Ed Higgs graduated with a gold standard diploma in sports and news journalism from News Associates, studying on our academic year course in Manchester. He was this year’s successful applicant to the Sky Sports News graduate training scheme.

When you start the 40-week sports multimedia diploma, it all seems rather daunting. There’s a timetable that probably puts your university schedule to shame, events to cover at weekends, and, of course, shorthand. Don’t panic!

A lot of the early part of the course is about finding rhythm and routine, and whilst it should be stressed that nobody gets left behind, you can give yourself the best chance of hitting the ground running.

Read as much as you can, and think critically about what you’re reading. Why is that story on the front page? Why has the reporter led on that line? Why has the editor chosen that accompanying photo?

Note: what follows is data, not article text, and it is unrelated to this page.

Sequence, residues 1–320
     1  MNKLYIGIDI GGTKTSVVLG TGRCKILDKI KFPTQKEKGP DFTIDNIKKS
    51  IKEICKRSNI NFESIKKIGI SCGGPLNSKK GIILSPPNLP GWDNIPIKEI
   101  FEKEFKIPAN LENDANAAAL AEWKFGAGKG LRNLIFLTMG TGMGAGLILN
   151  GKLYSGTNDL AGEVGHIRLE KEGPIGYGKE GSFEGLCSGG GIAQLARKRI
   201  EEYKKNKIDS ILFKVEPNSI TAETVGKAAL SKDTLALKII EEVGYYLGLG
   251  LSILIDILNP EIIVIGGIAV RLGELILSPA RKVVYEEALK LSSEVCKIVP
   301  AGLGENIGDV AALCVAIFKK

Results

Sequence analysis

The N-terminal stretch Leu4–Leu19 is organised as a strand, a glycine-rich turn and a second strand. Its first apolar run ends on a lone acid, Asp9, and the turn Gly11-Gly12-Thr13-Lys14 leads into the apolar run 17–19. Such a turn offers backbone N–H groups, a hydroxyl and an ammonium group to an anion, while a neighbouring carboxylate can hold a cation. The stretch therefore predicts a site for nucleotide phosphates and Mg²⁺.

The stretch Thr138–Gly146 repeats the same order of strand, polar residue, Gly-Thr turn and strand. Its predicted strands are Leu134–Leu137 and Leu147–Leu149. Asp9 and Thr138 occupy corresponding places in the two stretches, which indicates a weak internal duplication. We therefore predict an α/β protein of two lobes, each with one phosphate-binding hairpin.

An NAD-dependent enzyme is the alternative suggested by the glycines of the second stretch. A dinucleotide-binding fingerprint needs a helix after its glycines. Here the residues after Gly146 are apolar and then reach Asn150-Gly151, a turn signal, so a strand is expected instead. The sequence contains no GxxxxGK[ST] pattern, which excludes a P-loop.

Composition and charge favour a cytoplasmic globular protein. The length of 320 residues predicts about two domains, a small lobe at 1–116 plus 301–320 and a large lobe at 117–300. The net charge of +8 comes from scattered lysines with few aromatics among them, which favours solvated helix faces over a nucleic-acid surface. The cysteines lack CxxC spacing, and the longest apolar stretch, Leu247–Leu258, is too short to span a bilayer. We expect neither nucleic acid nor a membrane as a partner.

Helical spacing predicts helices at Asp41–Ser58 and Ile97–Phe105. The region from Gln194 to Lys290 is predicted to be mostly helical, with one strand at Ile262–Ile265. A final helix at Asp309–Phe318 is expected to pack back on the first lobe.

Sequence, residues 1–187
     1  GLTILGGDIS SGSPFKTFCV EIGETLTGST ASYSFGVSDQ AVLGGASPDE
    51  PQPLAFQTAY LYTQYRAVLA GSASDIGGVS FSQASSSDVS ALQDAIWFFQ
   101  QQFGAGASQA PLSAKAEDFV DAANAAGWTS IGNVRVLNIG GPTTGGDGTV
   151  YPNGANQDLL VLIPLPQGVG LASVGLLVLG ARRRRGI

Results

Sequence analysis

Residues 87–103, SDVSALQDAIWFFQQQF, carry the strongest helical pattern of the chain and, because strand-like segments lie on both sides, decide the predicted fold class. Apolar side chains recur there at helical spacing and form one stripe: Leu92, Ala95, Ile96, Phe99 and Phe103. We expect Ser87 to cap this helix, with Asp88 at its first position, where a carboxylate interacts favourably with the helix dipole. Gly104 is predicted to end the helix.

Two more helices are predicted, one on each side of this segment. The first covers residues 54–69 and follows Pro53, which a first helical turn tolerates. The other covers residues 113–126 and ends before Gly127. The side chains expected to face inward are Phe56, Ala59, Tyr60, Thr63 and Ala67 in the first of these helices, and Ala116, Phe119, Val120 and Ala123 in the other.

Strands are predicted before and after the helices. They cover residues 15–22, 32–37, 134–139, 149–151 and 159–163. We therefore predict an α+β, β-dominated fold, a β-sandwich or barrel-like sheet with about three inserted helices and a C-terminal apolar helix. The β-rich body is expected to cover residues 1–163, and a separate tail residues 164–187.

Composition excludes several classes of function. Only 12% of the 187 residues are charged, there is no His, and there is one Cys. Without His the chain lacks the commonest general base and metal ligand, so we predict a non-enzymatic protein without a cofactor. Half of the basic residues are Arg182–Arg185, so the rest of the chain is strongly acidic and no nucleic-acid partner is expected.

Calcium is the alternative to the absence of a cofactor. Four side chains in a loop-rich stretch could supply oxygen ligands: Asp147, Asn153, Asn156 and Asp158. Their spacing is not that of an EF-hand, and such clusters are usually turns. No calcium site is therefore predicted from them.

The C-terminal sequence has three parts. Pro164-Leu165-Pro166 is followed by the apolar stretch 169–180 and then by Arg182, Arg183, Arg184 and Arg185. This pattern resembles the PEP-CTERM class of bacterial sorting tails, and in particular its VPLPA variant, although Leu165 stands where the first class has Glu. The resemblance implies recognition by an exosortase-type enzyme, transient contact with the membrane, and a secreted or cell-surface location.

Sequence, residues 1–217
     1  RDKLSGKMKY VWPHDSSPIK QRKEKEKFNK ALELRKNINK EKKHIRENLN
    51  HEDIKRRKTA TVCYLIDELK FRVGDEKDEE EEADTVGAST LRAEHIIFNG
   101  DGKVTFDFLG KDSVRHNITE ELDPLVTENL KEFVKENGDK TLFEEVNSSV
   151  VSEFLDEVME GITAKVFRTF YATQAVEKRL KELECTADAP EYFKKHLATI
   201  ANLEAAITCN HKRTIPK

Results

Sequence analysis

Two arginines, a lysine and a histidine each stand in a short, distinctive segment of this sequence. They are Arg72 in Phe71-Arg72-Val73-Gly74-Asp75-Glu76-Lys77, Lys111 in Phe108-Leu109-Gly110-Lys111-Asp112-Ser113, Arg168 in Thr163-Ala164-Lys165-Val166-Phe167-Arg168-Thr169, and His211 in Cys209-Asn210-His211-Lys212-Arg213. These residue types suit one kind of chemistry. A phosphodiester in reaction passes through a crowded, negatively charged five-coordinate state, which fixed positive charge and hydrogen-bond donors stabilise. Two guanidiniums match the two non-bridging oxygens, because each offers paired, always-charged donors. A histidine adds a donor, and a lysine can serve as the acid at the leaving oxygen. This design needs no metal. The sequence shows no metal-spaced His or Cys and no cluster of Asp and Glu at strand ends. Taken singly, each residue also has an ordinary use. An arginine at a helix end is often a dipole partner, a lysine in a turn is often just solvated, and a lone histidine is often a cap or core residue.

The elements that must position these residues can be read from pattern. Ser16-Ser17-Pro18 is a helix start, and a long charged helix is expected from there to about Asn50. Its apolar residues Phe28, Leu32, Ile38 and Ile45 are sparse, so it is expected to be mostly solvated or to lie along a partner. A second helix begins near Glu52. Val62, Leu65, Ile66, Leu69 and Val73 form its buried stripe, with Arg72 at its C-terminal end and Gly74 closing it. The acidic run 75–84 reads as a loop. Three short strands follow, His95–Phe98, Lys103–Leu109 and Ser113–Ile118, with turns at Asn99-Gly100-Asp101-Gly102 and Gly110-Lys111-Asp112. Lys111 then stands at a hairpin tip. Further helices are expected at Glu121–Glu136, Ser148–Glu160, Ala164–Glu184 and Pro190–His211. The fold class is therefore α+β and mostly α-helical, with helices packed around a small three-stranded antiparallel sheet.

And much like a batsman or a golfer, writing is about keeping your eye in. It doesn’t matter if you’re jotting thoughts down about Roy Hodgson on a word document or helping out on work experience at the Telegraph, as the by-lines will come when the course starts. Practice is far more important than prestige.

Speaking of by-lines, the experience received through Sportsbeat and Mancunian Matters is invaluable. No match should be treated as too insignificant to be covered, and no story should be written off as irrelevant. Trainees will never pretend that interviewing strangers is easy to begin with, but the more you practice, the easier it becomes, and, most of the time, interviewees want to get their story out there.

Overall, my advice would simply be to embrace it. In the first five months of my course, I interviewed Tyson Fury and Stuart Lancaster, and reported on the football team that I’ve supported my entire life.

The only reason those ‘pinch-yourself’ moments happened is that I threw myself into the course from day one, so make sure your batteries are charged, both in your dictaphone and your body. Good luck!